SuperPacs are debasing our democracy

This is an election where candidates are running against each other, but also, to an unprecedented extent, against outside advertisers.
We now have faux “Americans” carrying out a political assault on real America. Americans for Prosperity, Americans for Job Security, American Solutions, American Crossroads, American Action Network and the American Future Fund are among the leading organizations spending hundreds of millions of dollars in total from corporations and deep-pocketed billionaires to tilt this election.
Much of this inflow would not have been possible without the Citizens United decision. But as important as the specific legal consequence of Citizens United was its signal to business interests that Wild West rules now prevail for elections: No holds barred, and whoever has the biggest gun and most bullets will win.
Does all this corporate and billionaire money make a difference in the political process? Certainly the corporations and individuals doing the spending think so. They know that vicious attack ads work. And attack ads from unaccountable organizations with no real membership work best of all. At least candidates who run negative ads must pay a reputational price for running nasty ads; the faux American groups — the SuperPacs — don’t care about their reputation, so aren’t susceptible even to this modest form of accountability.
The degrading of our political discourse via attack ads is a social bad in its own right, but is nothing compared to the impact in discouraging and disillusioning voters, who too often respond with a pox-on-all-their-houses decision to stay at home.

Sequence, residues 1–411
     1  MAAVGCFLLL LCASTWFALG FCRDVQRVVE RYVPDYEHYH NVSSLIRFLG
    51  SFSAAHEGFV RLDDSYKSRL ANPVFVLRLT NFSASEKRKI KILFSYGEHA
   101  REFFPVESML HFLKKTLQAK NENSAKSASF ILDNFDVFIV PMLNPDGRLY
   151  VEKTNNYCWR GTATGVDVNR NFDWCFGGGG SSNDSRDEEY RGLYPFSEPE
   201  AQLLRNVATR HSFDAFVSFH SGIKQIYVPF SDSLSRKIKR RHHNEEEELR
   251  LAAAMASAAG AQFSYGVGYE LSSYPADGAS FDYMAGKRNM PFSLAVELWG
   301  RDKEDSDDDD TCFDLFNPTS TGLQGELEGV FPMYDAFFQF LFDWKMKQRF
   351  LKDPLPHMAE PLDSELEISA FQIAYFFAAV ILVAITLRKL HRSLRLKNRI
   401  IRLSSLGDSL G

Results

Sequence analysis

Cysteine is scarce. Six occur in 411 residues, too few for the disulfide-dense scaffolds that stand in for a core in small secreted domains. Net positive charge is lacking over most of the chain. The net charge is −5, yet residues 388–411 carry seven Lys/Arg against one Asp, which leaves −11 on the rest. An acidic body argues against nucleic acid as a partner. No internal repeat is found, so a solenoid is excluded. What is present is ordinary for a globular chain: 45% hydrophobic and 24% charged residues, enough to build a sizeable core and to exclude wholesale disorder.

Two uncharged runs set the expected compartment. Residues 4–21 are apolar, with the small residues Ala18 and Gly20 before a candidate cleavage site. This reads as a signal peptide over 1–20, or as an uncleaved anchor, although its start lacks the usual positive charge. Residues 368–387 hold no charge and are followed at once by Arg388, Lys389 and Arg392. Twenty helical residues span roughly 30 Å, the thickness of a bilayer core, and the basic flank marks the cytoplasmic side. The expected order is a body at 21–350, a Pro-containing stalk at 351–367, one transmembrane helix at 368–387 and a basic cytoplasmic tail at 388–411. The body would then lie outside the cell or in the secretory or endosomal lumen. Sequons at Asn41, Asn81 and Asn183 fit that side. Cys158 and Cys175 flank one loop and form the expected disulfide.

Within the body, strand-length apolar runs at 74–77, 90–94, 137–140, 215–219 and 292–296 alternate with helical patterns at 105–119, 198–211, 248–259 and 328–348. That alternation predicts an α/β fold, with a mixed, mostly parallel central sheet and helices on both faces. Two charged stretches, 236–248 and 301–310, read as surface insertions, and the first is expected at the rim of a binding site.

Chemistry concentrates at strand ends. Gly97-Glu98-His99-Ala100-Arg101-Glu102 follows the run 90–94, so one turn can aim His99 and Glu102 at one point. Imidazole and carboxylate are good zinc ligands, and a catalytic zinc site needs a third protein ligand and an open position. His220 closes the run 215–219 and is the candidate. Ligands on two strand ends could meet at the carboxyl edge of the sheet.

The corporate- and billionaire-backed SuperPacs say that they just balance the field as against labor-backed groups, but in fact, business spending on elections is an order of magnitude greater than labor spending.
Making all of this even worse is that most of the faux American SuperPacs do not disclose their funders, so in most cases we don’t know who the real backers are of these ephemeral organizations. The DISCLOSE Act, which Republicans blocked in the Senate, would cure this problem, and should be passed in the lame duck session. We should not be subjected to such a debasement of democracy in the 2012 elections.
But disclosure is a very modest and very inadequate cure for the ills now befalling us. We have to replace the current campaign finance system altogether. That means two things. First, Congress must pass the Fair Elections Now Act, to replace the system of private financing of our public elections, and return control of elections to the voters. Then, we need a constitutional amendment to overturn Citizens United and clarify that corporations do not have a First Amendment right to influence our elections. Democracy is, after all, rule by the people.

Robert Weissman is the president of Public Citizen.


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